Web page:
(City of Austin)

As COVID-19 cases surge in Austin, related hospital bed use has surged as well.

Austin's surge in COVID-19 cases, which threatens to overwhelm the area health care system by mid-July, may force a second shutdown, Austin-Travis County Interim Health Authority Dr. Mark Escott told the City Council at a special called meeting Monday.


Since June 1, Travis County's average number of daily new COVID-19 cases has increased 372%, from around 60 at the start of the month to around 400 today. The average number of new daily hospital admissions has also skyrocketed in that period, increasing 400% from around 10 to 52.

"We are at the verge of having that recommendation coming from me to the mayor and Judge Biscoe about shutting down again," he said.

Hospital capacity

While there is currently enough hospital capacity to meet demand, that is likely to change in the next few weeks barring any substantial developments, Dr. Escott said. Already, he is hearing from area hospitals that they are hitting their ICU bed capacity and having to transfer patients to other facilities with more space.

To this end, APH is preparing an alternate care site for overflow patients. Although the city has not named its location, a local physician indicated during a press conference last week that it is the Austin Convention Center.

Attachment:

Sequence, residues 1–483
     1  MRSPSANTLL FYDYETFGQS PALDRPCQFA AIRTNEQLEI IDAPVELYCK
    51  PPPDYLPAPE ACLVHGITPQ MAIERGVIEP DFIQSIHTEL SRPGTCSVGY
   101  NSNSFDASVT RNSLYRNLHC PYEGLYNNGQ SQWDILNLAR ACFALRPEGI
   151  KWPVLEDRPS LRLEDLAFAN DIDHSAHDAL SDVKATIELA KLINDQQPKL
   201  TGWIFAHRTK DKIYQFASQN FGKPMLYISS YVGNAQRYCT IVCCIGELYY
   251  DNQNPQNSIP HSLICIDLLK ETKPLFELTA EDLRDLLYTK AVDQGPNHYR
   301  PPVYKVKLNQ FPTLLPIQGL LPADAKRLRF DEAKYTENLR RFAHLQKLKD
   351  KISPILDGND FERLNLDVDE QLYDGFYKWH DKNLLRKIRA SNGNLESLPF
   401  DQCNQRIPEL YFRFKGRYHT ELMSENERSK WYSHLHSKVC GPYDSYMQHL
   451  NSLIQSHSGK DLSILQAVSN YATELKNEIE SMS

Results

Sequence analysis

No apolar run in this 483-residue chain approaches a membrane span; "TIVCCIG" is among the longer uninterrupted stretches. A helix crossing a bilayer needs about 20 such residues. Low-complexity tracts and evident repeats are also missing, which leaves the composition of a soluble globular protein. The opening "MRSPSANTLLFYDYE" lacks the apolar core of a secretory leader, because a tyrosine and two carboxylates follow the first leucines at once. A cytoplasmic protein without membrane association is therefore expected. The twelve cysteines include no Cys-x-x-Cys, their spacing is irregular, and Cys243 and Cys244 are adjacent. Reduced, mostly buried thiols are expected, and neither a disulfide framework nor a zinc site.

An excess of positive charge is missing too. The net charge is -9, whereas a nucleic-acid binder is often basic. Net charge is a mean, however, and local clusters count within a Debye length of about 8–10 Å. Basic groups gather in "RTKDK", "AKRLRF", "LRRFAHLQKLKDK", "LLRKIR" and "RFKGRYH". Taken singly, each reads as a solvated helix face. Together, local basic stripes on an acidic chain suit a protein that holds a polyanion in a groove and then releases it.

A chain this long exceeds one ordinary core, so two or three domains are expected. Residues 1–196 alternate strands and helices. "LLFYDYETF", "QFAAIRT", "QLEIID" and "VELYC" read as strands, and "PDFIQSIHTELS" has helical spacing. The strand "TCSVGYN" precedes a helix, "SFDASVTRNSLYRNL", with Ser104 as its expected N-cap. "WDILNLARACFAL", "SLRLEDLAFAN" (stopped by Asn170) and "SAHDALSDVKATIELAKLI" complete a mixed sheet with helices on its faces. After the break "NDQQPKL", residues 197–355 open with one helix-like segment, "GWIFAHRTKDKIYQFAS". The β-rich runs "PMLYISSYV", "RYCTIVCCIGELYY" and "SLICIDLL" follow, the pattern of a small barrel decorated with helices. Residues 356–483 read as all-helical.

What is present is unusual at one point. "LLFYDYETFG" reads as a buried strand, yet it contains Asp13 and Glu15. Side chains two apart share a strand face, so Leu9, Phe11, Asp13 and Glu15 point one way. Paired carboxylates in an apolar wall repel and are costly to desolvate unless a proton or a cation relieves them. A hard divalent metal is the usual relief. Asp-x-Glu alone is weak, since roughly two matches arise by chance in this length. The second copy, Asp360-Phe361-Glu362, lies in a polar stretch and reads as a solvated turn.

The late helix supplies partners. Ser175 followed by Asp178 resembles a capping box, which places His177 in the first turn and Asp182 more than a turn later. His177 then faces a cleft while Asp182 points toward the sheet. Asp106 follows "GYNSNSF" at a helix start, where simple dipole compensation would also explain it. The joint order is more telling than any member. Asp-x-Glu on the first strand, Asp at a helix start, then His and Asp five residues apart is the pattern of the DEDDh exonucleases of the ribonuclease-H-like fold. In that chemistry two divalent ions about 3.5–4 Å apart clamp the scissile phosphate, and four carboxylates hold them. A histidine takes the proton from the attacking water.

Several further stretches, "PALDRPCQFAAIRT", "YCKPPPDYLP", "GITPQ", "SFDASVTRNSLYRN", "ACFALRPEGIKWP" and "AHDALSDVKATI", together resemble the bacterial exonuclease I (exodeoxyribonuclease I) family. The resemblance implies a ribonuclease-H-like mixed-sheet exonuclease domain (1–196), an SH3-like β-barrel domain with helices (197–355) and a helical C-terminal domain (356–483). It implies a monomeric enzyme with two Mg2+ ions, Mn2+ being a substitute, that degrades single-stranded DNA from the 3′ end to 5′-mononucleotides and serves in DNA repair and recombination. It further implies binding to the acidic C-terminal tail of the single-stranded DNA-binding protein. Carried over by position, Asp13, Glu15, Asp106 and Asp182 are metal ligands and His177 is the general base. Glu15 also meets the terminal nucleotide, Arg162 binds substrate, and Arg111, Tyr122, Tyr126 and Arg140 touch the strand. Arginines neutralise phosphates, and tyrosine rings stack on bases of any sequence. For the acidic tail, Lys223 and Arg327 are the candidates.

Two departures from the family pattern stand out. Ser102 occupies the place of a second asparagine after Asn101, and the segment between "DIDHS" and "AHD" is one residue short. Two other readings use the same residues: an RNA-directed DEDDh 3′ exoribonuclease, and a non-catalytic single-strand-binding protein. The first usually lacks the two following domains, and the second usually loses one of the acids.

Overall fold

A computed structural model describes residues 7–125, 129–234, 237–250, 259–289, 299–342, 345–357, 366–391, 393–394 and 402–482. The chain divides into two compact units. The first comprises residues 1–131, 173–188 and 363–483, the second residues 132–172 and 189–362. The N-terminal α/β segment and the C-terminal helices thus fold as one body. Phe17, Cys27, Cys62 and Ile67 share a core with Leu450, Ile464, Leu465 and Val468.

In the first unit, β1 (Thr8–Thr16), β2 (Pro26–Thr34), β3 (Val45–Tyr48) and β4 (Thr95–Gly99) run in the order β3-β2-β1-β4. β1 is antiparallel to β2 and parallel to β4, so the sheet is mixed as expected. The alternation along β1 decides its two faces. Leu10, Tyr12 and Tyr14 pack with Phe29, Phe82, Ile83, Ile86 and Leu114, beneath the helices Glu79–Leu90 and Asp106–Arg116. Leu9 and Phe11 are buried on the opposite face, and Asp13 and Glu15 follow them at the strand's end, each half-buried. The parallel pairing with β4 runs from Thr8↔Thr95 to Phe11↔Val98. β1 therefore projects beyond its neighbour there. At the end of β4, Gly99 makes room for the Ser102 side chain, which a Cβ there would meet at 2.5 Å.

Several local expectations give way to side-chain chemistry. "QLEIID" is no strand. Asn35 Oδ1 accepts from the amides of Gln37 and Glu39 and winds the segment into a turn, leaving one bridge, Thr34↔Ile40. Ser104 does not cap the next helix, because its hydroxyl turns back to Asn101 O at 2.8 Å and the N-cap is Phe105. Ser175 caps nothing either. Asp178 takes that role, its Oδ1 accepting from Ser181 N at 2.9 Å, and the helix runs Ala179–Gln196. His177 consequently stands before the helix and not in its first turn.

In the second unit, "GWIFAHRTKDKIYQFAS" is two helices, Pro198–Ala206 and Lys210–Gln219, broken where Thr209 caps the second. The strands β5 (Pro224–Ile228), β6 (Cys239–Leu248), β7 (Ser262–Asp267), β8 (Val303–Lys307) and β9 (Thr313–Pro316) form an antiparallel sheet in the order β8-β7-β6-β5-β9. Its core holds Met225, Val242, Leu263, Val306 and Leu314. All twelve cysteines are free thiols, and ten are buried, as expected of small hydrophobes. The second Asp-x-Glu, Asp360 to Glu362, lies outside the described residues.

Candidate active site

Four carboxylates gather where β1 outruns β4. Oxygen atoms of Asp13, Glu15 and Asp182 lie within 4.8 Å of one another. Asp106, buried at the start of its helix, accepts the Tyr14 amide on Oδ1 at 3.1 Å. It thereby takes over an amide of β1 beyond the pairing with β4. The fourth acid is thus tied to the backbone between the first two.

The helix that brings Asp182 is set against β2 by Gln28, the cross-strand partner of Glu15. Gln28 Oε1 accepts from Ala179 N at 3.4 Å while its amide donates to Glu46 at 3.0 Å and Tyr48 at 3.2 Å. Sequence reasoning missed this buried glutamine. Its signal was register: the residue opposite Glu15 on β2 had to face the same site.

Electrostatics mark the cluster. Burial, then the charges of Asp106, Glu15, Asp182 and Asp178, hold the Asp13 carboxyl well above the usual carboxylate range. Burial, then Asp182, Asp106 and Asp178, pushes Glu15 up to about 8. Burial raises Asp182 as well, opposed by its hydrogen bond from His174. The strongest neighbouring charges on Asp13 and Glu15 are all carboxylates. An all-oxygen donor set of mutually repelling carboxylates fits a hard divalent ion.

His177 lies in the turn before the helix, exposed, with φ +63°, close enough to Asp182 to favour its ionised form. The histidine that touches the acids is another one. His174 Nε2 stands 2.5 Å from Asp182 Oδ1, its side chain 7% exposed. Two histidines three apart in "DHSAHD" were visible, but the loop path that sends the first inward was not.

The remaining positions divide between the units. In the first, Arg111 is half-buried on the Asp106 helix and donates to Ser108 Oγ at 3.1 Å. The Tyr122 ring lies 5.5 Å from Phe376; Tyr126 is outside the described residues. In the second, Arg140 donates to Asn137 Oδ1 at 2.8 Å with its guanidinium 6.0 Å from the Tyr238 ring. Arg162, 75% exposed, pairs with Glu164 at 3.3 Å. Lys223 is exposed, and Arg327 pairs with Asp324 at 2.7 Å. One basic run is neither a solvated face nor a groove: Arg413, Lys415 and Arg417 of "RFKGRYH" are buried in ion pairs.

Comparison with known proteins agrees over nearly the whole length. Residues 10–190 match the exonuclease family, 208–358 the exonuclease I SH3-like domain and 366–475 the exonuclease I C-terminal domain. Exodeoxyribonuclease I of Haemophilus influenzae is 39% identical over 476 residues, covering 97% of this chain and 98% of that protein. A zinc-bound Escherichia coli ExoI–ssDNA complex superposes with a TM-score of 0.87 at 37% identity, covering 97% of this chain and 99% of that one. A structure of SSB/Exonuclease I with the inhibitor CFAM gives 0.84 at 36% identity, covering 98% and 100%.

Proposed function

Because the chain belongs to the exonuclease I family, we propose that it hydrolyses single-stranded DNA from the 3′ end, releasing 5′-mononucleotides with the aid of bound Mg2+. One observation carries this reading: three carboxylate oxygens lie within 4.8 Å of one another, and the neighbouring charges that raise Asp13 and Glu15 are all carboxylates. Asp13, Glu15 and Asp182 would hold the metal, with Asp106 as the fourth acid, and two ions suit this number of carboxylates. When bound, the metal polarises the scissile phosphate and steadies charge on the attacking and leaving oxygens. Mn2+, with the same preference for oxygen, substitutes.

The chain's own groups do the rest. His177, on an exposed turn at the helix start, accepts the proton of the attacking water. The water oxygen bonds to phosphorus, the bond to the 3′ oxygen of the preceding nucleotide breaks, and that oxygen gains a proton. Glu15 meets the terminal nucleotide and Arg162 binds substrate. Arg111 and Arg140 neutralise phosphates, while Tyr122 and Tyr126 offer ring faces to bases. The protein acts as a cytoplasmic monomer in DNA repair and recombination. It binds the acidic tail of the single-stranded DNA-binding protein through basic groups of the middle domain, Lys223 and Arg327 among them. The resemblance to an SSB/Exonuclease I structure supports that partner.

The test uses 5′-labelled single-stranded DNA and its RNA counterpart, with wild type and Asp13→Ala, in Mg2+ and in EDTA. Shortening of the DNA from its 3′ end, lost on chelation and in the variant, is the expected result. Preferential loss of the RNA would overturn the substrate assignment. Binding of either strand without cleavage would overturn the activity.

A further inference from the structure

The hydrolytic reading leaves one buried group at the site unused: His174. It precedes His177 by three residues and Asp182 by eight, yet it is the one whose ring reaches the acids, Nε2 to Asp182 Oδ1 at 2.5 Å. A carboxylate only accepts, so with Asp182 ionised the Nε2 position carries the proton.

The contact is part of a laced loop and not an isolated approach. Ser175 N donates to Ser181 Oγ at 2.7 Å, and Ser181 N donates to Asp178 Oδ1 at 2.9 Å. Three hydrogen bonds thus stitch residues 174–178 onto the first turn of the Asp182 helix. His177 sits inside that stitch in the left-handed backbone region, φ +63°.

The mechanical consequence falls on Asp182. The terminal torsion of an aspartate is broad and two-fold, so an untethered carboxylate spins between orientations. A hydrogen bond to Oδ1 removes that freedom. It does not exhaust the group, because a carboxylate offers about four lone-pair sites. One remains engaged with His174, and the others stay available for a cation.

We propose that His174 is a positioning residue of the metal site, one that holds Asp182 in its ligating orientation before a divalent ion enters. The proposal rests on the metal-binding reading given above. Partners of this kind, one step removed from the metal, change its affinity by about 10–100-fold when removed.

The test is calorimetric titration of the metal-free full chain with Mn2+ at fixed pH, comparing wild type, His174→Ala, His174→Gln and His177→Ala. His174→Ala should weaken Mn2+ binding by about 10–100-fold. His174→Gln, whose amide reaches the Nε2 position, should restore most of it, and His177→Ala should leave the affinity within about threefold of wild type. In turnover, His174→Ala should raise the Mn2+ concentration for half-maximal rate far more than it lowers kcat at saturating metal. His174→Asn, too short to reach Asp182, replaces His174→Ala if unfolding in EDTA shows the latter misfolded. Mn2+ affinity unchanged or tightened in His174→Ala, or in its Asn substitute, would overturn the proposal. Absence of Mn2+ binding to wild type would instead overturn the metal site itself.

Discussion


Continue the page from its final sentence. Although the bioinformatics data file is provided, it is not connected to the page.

Beyond bed capacity, another concern is adequate staffing. "The beds and the space are not going to be the issue," Dr. Escott said. "It's the people that provide care to those beds are going to be the issue."

Shifting strategy

As a result of this surge, APH has shifted its strategy to maximize its resources and plan for "at least a year" of further pandemic response, Dr. Escott said.

Due to limited tests—as well as limitations on how quickly those tests can be processed by labs—APH has decided to stop testing asymptomatic residents, a practice it began on June 5 following mass protests.

APH will prioritize its testing and contact tracing efforts for symptomatic patients who have been tested recently, people living in congregate settings, workers involved in critical infrastructure and other vulnerable populations.

The department is also looking to shift its testing operation to private companies and contractors, so that it can direct public resources where they are most needed.

Local measures to slow the spread

Travis County Judge Sam Biscoe sent a letter to Texas Gov. Greg Abbott on Monday asking the state to enforce mandatory masking, prohibit social gatherings of more than 10 people, roll back business occupancy to 25% and allow local officials to issue stay-home orders as needed.

"Our numbers of confirmed positives and the lag time between the test results have outstripped both our ability to contact trace and the utility in contact tracing," he wrote. "In summary, the rapid increase in cases has outstripped our ability to track, measure, and mitigate the spread of disease.

Travis County Parks announced Monday that it will close all of its parks, including boat ramps, on Thursday evening through the Fourth of July weekend.

So far the city has not followed suit. When council members asked Dr. Escott whether they should do so, he said he is concerned that it would lead to people gathering elsewhere.

(Austonia staff)

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